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Modeling the performance and failure of elastomeric coatings under erosive cavitating flows

Description

Finite element simulations modeling the hydrodynamic impact loads subjected to an elastomeric coating were performed to develop an understanding of the performance and failure mechanisms of protective coatings for cavitating

Finite element simulations modeling the hydrodynamic impact loads subjected to an elastomeric coating were performed to develop an understanding of the performance and failure mechanisms of protective coatings for cavitating environments.

In this work, two major accomplishments were achieved: 1) scaling laws were developed from hydrodynamic principles and numerical simulations to allow conversion of measured distributions of pressure peaks in a cavitating flow to distributions of microscopic impact loadings modeling individual bubble collapse events, and 2) a finite strain, thermo-mechanical material model for polyurea-based elastomers was developed using a logarithmic rate formulation and implemented into an explicit finite element code.

Combining the distribution of microscopic impact loads and finite element modeling, a semi-quantitative predictive framework is created to calculate the energy dissipation within the coating which can further the understanding of temperature induced coating failures.

The influence of coating thickness and elastomer rheology on the dissipation of impact energies experienced in cavitating flows has also been explored.

The logarithmic formulation has many desired features for the polyurea constitutive model, such as objectivity, integrability, and additive decomposition compatibility.

A review and discussion on the kinematics in large deformation, including a comparison between Lagrangian and Eulerian descriptions, are presented to explain the issues in building rate-dependent constitutive models in finite strains.

When comparing the logarithmic rate with other conventional rates in test examples, the logarithmic rate shows a better conservation of objectivity and integrability.

The modeling framework was validated by comparing predictions against temperatures measured within coatings subjected to a cavitating jet.

Both the experiments and models show that the temperatures generated, even under mild flow conditions, raise the coating temperature by a significant amount, suggesting that the failure of these coatings under more aggressive flows is thermally induced.

The models show that thin polyurea coatings synthesized with shorter molecular weight soft segments dissipate significantly less energy per impact and conduct heat more efficiently.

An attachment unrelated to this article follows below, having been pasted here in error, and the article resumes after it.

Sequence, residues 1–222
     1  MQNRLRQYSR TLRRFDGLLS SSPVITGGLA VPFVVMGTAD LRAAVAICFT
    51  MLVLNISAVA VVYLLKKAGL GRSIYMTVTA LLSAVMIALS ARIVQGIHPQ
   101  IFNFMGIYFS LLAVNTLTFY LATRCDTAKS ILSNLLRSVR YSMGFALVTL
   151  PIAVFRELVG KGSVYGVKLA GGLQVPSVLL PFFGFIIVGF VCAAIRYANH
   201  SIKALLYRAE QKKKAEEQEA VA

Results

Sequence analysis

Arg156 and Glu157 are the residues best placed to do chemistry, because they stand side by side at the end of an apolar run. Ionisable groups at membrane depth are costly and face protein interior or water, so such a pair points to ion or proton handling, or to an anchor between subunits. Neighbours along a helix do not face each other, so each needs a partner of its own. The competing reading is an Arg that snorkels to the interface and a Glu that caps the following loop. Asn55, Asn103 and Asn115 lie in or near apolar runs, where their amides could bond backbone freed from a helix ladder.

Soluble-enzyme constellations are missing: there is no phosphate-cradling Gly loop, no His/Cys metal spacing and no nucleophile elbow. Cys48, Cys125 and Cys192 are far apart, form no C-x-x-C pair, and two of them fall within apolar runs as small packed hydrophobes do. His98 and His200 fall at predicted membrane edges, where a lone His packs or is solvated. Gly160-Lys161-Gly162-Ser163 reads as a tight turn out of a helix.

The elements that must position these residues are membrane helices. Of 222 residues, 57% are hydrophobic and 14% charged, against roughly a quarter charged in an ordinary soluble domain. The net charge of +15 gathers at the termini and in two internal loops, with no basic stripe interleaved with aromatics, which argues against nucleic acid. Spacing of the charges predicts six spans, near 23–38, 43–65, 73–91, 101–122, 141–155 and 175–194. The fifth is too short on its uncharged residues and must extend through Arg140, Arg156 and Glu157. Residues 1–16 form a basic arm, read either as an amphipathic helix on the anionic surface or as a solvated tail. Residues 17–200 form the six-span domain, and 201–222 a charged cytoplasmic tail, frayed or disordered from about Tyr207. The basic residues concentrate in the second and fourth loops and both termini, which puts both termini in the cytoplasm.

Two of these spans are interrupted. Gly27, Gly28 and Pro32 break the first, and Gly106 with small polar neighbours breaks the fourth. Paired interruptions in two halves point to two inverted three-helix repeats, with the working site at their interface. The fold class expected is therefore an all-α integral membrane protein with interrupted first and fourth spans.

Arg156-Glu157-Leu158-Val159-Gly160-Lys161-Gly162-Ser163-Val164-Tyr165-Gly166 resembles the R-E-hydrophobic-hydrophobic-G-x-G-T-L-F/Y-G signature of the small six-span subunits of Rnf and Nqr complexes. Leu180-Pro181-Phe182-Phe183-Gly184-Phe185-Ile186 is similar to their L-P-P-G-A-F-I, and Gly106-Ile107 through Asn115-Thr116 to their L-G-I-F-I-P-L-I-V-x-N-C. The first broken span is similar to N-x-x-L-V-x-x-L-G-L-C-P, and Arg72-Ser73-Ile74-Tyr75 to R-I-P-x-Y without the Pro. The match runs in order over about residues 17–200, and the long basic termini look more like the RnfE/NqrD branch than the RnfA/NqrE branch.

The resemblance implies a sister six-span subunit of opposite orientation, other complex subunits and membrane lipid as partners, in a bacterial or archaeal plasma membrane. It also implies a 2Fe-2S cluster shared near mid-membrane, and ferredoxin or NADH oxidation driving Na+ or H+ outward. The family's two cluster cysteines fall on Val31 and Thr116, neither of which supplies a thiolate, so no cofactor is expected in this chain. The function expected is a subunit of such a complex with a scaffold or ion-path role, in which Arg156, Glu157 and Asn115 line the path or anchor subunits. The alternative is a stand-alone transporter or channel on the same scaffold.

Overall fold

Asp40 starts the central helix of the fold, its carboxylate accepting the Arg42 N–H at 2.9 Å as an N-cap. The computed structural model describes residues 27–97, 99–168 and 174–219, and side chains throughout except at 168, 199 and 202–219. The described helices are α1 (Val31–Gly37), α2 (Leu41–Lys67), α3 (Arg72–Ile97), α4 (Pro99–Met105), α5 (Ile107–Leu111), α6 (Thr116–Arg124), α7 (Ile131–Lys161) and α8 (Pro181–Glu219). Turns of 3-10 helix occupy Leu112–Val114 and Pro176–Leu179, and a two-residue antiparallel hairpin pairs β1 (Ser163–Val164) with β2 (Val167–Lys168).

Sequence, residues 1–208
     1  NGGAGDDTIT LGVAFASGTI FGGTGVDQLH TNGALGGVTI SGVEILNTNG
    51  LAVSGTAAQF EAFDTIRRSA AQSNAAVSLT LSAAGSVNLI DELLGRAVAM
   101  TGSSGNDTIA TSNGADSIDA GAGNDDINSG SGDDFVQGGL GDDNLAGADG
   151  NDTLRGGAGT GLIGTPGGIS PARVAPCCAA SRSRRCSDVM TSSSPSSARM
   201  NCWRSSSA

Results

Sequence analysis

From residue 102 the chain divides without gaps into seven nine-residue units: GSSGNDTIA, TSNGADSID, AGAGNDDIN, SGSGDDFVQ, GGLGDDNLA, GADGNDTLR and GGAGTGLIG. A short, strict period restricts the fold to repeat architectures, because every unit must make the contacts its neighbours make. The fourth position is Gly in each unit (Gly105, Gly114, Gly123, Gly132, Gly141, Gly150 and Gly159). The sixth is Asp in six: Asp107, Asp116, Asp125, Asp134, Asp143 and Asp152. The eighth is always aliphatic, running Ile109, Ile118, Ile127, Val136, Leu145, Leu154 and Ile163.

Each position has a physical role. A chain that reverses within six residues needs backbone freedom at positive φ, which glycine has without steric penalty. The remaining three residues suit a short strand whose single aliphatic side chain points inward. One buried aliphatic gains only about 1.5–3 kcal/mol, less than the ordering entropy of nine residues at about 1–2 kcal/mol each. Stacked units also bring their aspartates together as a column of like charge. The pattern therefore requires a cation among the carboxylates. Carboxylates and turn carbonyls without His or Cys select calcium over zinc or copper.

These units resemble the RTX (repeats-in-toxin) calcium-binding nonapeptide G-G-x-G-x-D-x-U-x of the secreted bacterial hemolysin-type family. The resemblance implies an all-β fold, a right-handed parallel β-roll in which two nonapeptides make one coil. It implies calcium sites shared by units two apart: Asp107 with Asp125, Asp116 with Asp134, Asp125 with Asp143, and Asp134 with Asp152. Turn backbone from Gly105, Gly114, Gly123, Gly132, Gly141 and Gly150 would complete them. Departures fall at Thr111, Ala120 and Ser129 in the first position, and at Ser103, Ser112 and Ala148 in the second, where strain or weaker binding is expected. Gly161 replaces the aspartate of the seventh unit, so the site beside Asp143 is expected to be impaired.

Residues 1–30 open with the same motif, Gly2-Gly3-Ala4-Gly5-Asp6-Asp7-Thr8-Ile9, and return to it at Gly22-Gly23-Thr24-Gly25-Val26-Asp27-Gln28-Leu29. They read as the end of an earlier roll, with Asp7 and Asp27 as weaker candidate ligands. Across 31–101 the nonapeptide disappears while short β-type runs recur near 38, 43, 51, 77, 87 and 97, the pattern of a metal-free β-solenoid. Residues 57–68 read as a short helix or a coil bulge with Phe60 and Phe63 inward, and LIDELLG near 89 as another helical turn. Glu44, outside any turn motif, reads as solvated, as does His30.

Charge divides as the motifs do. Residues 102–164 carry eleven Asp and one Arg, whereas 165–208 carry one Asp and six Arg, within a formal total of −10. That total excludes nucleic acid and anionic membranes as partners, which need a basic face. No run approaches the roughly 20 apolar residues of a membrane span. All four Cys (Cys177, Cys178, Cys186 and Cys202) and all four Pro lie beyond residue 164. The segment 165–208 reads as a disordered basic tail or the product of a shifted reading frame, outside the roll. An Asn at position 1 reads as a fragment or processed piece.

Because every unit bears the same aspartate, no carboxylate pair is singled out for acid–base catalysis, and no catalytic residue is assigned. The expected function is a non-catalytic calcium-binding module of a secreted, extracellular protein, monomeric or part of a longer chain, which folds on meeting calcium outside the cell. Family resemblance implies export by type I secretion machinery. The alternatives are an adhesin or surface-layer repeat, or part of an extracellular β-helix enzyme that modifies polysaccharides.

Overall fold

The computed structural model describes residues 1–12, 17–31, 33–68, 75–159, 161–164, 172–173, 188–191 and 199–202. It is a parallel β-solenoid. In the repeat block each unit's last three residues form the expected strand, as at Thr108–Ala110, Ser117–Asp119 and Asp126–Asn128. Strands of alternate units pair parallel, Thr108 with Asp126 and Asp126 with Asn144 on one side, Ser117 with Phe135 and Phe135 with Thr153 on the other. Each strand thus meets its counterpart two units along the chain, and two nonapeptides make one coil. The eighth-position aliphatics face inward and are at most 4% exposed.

This work represents an important step toward understanding thermally induced failure in elastomers subjected to cavitating flows, which provides a foundation for design and optimization of coatings with enhanced erosion resistance.

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Date Created
  • 2016

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The integrity of geosynthetic elements of waste containment barrier systems subject to seismic loading

Description

A method for evaluating the integrity of geosynthetic elements of a waste containment system subject to seismic loading is developed using a large strain finite difference numerical computer program. The

A method for evaluating the integrity of geosynthetic elements of a waste containment system subject to seismic loading is developed using a large strain finite difference numerical computer program. The method accounts for the effect of interaction between the geosynthetic elements and the overlying waste on seismic response and allows for explicit calculation of forces and strains in the geosynthetic elements. Based upon comparison of numerical results to experimental data, an elastic-perfectly plastic interface model is demonstrated to adequately reproduce the cyclic behavior of typical geomembrane-geotextile and geomembrane-geomembrane interfaces provided the appropriate interface properties are used. New constitutive models are developed for the in-plane cyclic shear behavior of textured geomembrane/geosynthetic clay liner (GMX/GCL) interfaces and GCLs. The GMX/GCL model is an empirical model and the GCL model is a kinematic hardening, isotropic softening multi yield surface plasticity model. Both new models allows for degradation in the cyclic shear resistance from a peak to a large displacement shear strength. The ability of the finite difference model to predict forces and strains in a geosynthetic element modeled as a beam element with zero moment of inertia sandwiched between two interface elements is demonstrated using hypothetical models of a heap leach pad and two typical landfill configurations. The numerical model is then used to conduct back analyses of the performance of two lined municipal solid waste (MSW) landfills subjected to strong ground motions in the Northridge earthquake. The modulus reduction "backbone curve" employed with the Masing criterion and 2% Rayleigh damping to model the cyclic behavior of MSW was established by back-analysis of the response of the Operating Industries Inc. landfill to five different earthquakes, three small magnitude nearby events and two larger magnitude distant events. The numerical back analysis was able to predict the tears observed in the Chiquita Canyon Landfill liner system after the earthquake if strain concentrations due to seams and scratches in the geomembrane are taken into account. The apparent good performance of the Lopez Canyon landfill geomembrane and the observed tension in the overlying geotextile after the Northridge event was also successfully predicted using the numerical model.

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Date Created
  • 2011